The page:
Even here in 2018, many parts of the U.S. have only recently opened up to rideshare services and independent food delivery companies. Meanwhile, in the largest American metropolitan areas, residents are treated to fresh ideas still in their trial runs. And this disparity in the accessibility of tech can be observed all around the globe.
Today we’ll be focusing on Bangladesh in particular, and one of the individuals working overtime to bring the entire country into the present, a present in which technological advances originally made elsewhere can benefit a nation still in development but hungry for growth.
“Bangladesh now is best described as China in the year 2000. Not much infrastructure built out yet, however, lots of new technology is now available in the world, which gives us an opportunity to leapfrog directly in deploying the latest tech. Infrastructure is developing at a high rate, e.g. new roads, electricity production, sanitary systems, even a nuclear reactor is now under construction.”
Tejas Viswanath is an expert in urban logistics, which is crucial in a developing country like Bangladesh where city centers experience crowding and traffic the likes of which we here in the U.S. would be shocked to see in our own cities. And it takes forward-thinkers like Viswanath to find creative and often intricate solutions to the challenges of living in such a hectic and disorganized environment.
The grocery delivery company that Viswanath founded, Chaldal, is now one of the largest of its kind in Bangladesh, using a network of micro-warehouses spread throughout metropolitan areas to help serve customers quickly and efficiently. Lately, the company has been working toward a goal of being able to bring delivery wait times down to just 15 minutes.
As Chaldal became a larger player in Bangladesh’s economy, Viswanath was happy to find that both the government and civilians were enthusiastic about helping Chaldal along the way.
“Everyone is excited to have us. They’ve never seen a Silicon Valley-ish start-up as big and dynamic as us. We’re working with the Prime Minister’s Office in being a big part of their ‘Digital Bangladesh’ vision. We’re crafting plans to expand delivery outside city limits. We’ve become an Amazon for retail manufacturers and distributors. We have the largest catalog in the country.”
This welcoming attitude has been key for Chaldal’s steady rise in its reach and significance. Grocery delivery, after all, comes with a totally unique set of special requirements and difficulties, but anyone who can surpass these challenges can then reap the benefits of having their hand in a highly bountiful market.
“Grocery delivery is operationally difficult. Just throwing money at the problem doesn’t buy you the market, unlike regular e-commerce, where you can buy customers by heavily discounting your products. And the very high population density in Bangladesh meant there was an opportunity to create an entirely new kind of platform.”
And for Viswanath, that new platform includes his innovative use of micro-warehouses. Since only staff, not customers, can access these warehouses, many of the costs of a traditional grocery store or convenience mart can be bypassed. But there’s much more to it than that. I’ll let Mr. Viswanath explain.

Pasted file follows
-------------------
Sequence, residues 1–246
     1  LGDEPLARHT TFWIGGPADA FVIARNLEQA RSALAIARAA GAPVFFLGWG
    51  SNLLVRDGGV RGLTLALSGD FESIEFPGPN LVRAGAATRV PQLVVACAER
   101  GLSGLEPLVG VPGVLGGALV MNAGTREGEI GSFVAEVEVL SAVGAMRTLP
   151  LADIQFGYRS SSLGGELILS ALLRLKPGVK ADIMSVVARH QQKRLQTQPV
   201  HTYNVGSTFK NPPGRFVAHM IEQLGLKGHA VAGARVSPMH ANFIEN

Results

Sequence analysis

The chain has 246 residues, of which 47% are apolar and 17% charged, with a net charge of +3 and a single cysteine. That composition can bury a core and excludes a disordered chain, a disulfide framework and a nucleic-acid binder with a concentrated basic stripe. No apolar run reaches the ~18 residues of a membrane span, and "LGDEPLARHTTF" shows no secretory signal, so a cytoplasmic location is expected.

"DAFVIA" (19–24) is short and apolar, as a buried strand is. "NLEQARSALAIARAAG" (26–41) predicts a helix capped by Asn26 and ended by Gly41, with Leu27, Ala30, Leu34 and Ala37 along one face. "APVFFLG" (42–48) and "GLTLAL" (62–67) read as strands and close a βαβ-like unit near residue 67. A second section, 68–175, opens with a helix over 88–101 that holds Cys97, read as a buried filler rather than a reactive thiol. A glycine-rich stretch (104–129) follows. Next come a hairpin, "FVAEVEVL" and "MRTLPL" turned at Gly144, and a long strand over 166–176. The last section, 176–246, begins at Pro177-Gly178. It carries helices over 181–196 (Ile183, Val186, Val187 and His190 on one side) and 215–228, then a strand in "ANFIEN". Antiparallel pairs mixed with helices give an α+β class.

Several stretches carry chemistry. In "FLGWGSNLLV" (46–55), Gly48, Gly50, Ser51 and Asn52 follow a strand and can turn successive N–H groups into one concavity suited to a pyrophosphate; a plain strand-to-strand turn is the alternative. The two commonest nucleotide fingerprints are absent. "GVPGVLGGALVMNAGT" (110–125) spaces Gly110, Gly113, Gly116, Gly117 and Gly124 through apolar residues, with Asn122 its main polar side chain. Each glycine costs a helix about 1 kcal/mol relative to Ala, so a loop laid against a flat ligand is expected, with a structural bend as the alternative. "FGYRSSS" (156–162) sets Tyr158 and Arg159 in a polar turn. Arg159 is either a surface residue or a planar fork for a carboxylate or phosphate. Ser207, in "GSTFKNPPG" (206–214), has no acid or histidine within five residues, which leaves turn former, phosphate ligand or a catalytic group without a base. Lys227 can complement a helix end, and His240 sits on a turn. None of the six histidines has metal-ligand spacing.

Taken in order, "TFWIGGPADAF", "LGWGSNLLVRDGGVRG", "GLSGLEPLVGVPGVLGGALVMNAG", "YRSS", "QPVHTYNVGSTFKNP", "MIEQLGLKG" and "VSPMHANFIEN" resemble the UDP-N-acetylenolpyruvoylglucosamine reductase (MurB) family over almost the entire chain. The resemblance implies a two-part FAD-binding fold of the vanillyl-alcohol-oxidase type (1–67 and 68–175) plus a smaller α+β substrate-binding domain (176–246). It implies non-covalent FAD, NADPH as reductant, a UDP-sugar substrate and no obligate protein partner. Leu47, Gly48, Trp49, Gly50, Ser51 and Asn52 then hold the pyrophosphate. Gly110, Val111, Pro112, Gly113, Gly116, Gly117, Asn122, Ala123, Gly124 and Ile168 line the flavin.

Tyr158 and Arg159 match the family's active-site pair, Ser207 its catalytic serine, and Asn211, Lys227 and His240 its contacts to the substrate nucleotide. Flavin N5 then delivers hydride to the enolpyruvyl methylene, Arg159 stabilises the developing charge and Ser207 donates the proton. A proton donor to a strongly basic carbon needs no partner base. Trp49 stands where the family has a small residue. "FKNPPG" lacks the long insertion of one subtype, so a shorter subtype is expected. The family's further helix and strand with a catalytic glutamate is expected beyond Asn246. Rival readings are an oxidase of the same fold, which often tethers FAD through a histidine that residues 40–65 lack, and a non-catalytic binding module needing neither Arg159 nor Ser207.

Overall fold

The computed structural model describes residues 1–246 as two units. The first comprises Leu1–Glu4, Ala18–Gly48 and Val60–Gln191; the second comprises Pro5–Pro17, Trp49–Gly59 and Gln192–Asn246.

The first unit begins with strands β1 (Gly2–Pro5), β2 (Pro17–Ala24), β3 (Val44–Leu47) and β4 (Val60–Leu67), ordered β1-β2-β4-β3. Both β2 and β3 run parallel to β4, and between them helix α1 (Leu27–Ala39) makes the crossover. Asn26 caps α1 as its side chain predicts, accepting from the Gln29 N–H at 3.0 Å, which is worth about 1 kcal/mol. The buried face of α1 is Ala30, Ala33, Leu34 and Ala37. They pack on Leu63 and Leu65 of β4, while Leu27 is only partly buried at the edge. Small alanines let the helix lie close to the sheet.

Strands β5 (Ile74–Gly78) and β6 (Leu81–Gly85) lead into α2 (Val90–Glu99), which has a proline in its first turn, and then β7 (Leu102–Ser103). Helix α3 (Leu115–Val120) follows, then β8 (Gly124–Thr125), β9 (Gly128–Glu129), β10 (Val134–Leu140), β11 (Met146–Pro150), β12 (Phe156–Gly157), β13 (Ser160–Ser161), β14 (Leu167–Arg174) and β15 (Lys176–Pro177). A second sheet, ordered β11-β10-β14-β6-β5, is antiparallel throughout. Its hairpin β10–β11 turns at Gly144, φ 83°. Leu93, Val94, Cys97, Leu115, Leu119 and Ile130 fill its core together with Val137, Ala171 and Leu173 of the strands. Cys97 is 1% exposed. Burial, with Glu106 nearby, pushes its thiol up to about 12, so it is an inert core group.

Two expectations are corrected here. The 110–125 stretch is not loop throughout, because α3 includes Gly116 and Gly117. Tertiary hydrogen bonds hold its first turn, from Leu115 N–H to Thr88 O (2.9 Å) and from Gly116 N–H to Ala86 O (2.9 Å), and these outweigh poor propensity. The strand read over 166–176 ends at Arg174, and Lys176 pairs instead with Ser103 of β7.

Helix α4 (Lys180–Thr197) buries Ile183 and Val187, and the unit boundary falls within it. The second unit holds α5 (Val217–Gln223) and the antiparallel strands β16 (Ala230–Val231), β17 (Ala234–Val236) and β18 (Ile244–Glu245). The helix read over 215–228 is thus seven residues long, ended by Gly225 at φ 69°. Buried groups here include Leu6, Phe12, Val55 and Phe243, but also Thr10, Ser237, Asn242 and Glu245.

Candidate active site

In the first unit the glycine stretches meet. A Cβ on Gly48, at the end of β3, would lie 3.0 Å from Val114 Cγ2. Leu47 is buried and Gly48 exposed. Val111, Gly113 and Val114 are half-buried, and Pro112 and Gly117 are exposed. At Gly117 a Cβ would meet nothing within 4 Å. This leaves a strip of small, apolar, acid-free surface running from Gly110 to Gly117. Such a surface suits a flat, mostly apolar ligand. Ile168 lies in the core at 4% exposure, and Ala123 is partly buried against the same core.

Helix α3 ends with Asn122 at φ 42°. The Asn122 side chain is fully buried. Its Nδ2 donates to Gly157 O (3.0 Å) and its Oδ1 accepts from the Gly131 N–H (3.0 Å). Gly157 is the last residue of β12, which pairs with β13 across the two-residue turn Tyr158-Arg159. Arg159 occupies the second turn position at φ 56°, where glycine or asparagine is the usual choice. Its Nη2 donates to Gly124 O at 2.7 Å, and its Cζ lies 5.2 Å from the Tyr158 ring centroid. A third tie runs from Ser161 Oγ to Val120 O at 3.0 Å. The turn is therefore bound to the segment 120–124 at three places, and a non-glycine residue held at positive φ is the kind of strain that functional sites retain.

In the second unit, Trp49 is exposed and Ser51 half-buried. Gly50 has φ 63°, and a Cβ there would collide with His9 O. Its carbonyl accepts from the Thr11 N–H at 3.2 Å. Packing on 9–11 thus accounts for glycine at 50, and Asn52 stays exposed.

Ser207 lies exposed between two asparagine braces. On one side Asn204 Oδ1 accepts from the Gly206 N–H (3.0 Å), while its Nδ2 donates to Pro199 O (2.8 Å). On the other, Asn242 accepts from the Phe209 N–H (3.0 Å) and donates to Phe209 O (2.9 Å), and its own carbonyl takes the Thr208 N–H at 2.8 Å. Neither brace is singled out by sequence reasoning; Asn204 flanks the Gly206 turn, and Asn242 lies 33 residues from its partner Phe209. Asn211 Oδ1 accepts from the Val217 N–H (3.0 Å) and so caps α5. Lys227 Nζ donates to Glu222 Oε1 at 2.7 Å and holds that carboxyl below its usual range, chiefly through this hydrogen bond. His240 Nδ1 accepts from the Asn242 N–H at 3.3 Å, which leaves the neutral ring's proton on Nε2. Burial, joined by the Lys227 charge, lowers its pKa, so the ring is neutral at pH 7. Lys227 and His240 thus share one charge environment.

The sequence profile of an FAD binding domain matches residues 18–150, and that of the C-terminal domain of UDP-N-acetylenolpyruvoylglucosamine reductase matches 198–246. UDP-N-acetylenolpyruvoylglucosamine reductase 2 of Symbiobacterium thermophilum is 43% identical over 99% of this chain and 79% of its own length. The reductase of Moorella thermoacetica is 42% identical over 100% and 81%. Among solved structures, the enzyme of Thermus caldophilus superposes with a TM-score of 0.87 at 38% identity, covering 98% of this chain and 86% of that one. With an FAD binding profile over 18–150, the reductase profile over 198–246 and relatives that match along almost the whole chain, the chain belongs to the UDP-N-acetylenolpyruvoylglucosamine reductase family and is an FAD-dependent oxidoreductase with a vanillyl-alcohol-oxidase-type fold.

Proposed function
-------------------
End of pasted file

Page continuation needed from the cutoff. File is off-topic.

“Micro-warehouses are small warehouses that are roughly the size of a single-family home, but with 3 or 4 floors. They were primarily designed to facilitate 1-hour delivery of goods, which we started offering in 2015.”
After designing several test versions of these warehouses, Viswanath and Chaldal quickly realized the potential advantages of automating the sorting process for each warehouse.“As growth has increased considerably, we’re designing robots that run between aisles and bring a shelf to one of our employees who prepares the basket. The stock is balanced out nightly. We predict sales using Deep Learning A.I., and re-balance and move the stock with the other micro-warehouses in the city.”
It could be said that the history of Chaldal has been a process of putting great ideas into action, then pinpointing all discernible issues and rapidly finding intelligent solutions to those issues. Viswanath’s passion for making improvements to urban logistics have taken his ambitions far beyond grocery delivery to other areas that could potentially benefit by rethinking certain elements of daily tech.
“Logistics capacity can be fulfilled via ride-sharing networks (that are largely becoming general-purpose logistics networks these days). This is why we launched Chalao, our motorbike ride-sharing service back in February of 2018. In developed countries with good maps and well-regulated traffic, this could soon become a fleet of self-driving vehicles.”
Given his extensive experience in the area of urban logistics and grocery delivery abroad, Viswanath has some thoughts on similar services that could be easily implemented in the U.S.
“Grocery delivery, especially on-demand delivery, is positioned as a premium service. Prices are often marked up on top of a steep 1- or 2-hour delivery charge. It really doesn’t have to be this way. If operations are run very well, it is possible to create a sustainable business, while serving all sections of the population.”
This is the spirit of Silicon Valley that has been lost in the weeds as of late. Many people have come to trust the tech industry implicitly, assuming those involved are doing their best possible work. But a more discerning mind, like that of Tejas Viswanath, a mind committed to never settling for ‘acceptable,’ is constantly searching for holes, for problems to solve, improvements that can be made. This is a spirit that’s on its way back around the bend, being brought about by young innovators eager to build on the ideas of their predecessors.
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